"Have you seen the 70's childrens British television show Timeslip? (If not, I think you probably would like it, as you like a lot of 60's/70's TV Science Fiction.)"

Chris, I have read about -- but had not watched -- Timeslip.

For those who may not be familiar with the series, Timeslip aired in Britain on ITV in 1970 and 1971. 

Created by James and Ruth Boswell, the program involved two children, Simon and Cheryl, who discovered a phenomenon -- an anomaly --  that permits them to travel through time, to alternate futures and pasts.  The series consisted of four multi-part serials.

Given the positive critical reception -- the series achieved “top 50” status on both SFX and Dreamwatch lists of best all-time sci-fi series --  Timeslip sounds like a provocative program that one indeed right up my alley, as you say, since I love and cherish 1970s British sci-fi TV (UFO [1970] Space: 1999 [1975-1977], Survivors [1975], Blake's 7 [1978 - 1981], and Sapphire and Steel [1978 – 1981] to name a few).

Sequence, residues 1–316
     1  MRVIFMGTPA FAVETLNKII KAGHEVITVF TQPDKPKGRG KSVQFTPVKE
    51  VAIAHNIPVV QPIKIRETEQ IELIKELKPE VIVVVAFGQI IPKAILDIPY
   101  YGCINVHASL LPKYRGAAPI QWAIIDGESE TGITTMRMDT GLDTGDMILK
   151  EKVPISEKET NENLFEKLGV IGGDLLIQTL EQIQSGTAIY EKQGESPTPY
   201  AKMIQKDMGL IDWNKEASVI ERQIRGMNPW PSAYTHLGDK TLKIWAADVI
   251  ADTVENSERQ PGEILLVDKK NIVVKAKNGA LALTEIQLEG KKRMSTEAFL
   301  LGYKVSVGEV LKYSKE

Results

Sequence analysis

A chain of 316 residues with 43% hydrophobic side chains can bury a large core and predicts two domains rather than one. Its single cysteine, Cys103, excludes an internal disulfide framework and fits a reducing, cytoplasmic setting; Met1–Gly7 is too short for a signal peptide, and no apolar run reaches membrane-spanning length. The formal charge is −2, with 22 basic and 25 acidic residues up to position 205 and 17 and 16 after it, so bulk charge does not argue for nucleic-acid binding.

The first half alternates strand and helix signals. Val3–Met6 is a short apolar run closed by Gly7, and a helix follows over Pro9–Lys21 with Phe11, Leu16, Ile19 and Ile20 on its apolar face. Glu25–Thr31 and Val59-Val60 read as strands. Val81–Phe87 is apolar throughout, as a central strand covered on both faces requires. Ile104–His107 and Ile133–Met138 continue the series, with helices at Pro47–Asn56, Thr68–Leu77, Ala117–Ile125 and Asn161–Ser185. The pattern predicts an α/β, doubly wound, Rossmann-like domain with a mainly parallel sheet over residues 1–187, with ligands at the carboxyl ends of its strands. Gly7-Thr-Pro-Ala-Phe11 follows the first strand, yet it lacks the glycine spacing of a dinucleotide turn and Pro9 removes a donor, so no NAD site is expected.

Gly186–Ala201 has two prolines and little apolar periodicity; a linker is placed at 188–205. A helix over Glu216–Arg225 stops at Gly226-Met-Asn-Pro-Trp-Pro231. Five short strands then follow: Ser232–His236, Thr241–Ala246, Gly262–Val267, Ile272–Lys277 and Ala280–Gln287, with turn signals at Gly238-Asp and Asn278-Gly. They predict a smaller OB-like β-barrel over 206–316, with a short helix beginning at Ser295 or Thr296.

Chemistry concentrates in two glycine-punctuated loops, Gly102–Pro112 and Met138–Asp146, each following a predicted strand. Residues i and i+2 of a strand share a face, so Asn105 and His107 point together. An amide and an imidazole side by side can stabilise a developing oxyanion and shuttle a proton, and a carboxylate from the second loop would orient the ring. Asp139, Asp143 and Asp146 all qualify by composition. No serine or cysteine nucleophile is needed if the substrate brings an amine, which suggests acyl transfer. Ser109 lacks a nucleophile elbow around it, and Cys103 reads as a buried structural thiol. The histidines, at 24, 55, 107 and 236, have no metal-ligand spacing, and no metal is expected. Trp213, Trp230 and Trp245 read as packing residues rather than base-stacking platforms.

Because you asked about it, I’ll watch the series soon, and either blog the whole thing, or write up a flashback on the topic.

Thanks for the question, Christopher, and I hope you’ll stick around to read what I think of the show.  I'm looking forward to watching it, and the DVDs are already on the way...

Ask JKM a Question #1: Why don’t I *hate* Star Wars Episode 1: The Phantom Menace?



This morning, I’m commencing a new-style post that will be informed and shaped by you, the stalwart and thoughtful readers of this blog.  

Ask JKM a Question” will allow you to decide -- at least some -- the content and shape of our online movie or TV conversation week-to-week, so I hope you’ll contribute.